Robert Cavanaugh, a traveling salesman, wakes up in his bed to find himself transformed into a large insect. He looks around his room, which appears normal, and decides to go back to sleep to forget about what has happened. He attempts to roll over, only to discover that he cannot due to his new body - he is stuck on his hard, convex back. He tries to scratch an itch on his stomach, but when he touches himself with one of his many new legs, he is disgusted. What will happen when his parents and young sister discover his transformation?
©2014 Chris Selna (P)2015 Chris Selna
"I've never heard so much emotion in an audiobook. His Boston accent hooked me. The story was heartbreaking but his voice was a pure joy." (the audiobook worm)
"hilarious…listeners will feel shock and even sadness." (AudioFile)
From the first paragraph, this is a story that captures your attention. A human waking up as a bug and trying to figure out his new life while still concerning for his family and job - its very entertaining, and sad at times, to experience the evolution.
The family structure, while in some regards very banal, was easy to connect to. Then, to imagine what one might do in a similar situation having a beloved family member 'change' is interesting to ponder.
Ron's narration, with a Boston accent none the less, brings emotion and drama to the story. I like the depiction of the supervisor and the expecting demands of the job. The depiction was easy to connect and relate to.
For those that like a creative short(er) story - yes.
I liked the flow of the book, and the unexpected interpretation
The apple throwing scene had great action.
Trina, the sister. She is very lively, and I would like to hear her play the violin.
great comedic timing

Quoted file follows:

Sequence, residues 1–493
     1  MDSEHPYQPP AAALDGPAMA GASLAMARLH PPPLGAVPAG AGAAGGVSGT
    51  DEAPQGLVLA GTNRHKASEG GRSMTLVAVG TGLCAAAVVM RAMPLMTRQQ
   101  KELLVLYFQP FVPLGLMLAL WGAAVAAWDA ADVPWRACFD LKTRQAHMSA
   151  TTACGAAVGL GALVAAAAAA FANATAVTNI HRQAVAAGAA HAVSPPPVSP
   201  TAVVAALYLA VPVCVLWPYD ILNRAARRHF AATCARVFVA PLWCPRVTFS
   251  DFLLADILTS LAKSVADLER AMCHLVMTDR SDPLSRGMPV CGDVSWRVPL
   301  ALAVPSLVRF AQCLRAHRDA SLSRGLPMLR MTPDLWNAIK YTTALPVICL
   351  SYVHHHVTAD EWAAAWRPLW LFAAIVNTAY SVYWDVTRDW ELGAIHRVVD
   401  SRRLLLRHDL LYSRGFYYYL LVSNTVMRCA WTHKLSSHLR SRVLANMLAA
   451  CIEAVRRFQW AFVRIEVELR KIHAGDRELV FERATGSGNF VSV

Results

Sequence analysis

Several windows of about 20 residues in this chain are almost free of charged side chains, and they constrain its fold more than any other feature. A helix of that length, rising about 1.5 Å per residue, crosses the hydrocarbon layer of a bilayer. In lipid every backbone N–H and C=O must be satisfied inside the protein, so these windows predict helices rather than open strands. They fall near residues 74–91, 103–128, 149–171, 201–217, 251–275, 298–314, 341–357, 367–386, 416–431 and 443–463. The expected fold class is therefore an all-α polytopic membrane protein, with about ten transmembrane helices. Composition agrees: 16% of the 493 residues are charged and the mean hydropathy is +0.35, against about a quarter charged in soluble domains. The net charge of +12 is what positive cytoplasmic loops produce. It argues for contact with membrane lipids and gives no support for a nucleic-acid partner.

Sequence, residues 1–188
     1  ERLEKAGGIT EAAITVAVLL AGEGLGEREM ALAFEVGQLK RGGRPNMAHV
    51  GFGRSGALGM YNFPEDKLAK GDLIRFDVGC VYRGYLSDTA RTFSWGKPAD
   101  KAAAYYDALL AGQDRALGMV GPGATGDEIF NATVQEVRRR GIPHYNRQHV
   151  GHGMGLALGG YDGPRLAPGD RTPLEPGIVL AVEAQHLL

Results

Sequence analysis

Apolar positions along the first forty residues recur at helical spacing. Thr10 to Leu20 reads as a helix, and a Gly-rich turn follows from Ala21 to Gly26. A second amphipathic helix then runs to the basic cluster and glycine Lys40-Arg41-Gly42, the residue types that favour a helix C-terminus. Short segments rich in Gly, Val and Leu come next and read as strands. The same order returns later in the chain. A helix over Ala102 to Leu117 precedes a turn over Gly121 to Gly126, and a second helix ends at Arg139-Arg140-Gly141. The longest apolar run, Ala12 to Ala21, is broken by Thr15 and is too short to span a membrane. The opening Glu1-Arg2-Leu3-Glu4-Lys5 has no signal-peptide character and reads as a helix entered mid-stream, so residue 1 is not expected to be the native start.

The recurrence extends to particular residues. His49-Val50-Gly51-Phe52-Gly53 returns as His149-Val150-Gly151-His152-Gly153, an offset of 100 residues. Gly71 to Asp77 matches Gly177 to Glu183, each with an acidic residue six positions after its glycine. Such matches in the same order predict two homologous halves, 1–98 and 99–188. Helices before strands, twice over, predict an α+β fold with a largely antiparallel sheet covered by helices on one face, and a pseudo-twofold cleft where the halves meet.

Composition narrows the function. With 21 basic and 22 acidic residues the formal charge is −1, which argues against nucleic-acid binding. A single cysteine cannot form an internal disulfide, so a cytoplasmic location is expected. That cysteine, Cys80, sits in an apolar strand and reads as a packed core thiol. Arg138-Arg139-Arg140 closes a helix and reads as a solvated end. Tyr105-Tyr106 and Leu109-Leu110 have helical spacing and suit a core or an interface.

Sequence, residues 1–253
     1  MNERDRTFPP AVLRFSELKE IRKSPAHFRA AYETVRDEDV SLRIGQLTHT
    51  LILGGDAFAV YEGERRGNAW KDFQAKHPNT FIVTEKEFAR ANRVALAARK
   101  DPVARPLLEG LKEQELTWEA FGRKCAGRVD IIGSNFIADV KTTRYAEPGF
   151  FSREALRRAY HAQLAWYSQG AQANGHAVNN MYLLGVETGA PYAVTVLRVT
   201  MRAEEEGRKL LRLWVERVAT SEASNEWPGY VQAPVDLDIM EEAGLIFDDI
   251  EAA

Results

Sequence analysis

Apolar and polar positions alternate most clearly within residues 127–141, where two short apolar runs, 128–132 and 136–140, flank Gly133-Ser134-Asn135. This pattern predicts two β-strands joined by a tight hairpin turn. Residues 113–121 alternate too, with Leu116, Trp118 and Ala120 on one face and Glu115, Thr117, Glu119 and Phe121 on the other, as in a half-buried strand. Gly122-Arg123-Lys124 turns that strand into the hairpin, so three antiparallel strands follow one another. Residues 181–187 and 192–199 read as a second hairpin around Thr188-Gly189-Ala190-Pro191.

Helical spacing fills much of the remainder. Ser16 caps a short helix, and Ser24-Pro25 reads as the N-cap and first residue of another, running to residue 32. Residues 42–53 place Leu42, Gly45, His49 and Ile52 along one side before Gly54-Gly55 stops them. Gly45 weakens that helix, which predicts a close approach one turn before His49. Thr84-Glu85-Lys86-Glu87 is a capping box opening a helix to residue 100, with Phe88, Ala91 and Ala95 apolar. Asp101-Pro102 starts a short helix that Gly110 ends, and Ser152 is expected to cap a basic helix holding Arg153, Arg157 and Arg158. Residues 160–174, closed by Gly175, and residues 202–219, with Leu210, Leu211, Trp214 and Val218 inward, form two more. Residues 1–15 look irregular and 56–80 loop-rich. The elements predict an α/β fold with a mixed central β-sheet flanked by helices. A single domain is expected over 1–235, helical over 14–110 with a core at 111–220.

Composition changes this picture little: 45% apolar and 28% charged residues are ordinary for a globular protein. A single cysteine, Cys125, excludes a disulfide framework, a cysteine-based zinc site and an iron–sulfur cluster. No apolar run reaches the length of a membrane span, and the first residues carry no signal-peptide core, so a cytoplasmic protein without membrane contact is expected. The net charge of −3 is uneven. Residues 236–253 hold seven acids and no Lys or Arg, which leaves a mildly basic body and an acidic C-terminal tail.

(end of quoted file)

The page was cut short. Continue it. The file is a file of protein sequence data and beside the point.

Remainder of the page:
The compassionate , moving, and tragicomic narration.
Origninal, heatbreaking and strangely transcendent-
Tour de force reading by Ron Herzig makes for a visceral and forgettable experience.
Yes. The material is both entertaining and complex, which means there is always something new or even revelatory to discover. The tour-de-force vocal performance adds a whole new dimension of engagement and appeal.
Mr. Herczig provides more than just a reading, it's a dramatic and comedic performance.
A unique, virtuoso interpretation of a brilliant classic that belongs in the collection of anyone who covets deeply entertaining and interesting performance work.
The emotional narration.
When he talks in the bug voice.
Loved the scene with the nasty supervisor.
The almost whimsical reading of this adaptation fits perfectly with the often misunderstood humor in Kafka's stories. What David Foster Wallace described as his "anti-subtle" funniness and "radical literalization of truths". For example, anyone who has had to work for 'The Man' can understand the expression of crawling on one's belly or having to 'eat sh*t' when on the job. In the story, Robert C. does this literally and the reading here captures the casual everyday irony of it perfectly. This book made me smile!
I would recommend this book to friends and students alike. "Change" is an audiobook I would listen to with a group of friends sitting comfortably in front of the fireplace--or in a classroom studying drama or literature.
This story is riveting and entertaining. I like the theatrical narration best.
Ron's performance made me fall in love with Robert.
Robert's speech to his family and supervisor captivated me.
Yes, especially if you're looking for a new angle on a classic.
The reading is dramatic, but not overly so. The reader's accent and delivery sweeps you into the story, and you won't want to leave until the last virtual page.
What else has this narrator done? I'd like to hear more!
I hadn't read the Metamorphosis since college and didn't recall much. It was great to get reacquainted with this classic and hear a fresh, hysterical interpretation.
It was scary, funny, sad. Perfect insights about lousy jobs, family politics and the human condition.
Totally over the top and under the bottom. Really brought out the humor. The blue-color Boston accent was well done.
The humor was contrasted with terror and poignancy. I laughed, felt sad. Gave me lots to think about.
Probably Kafka's most accessible book. I finished it off in two sittings.
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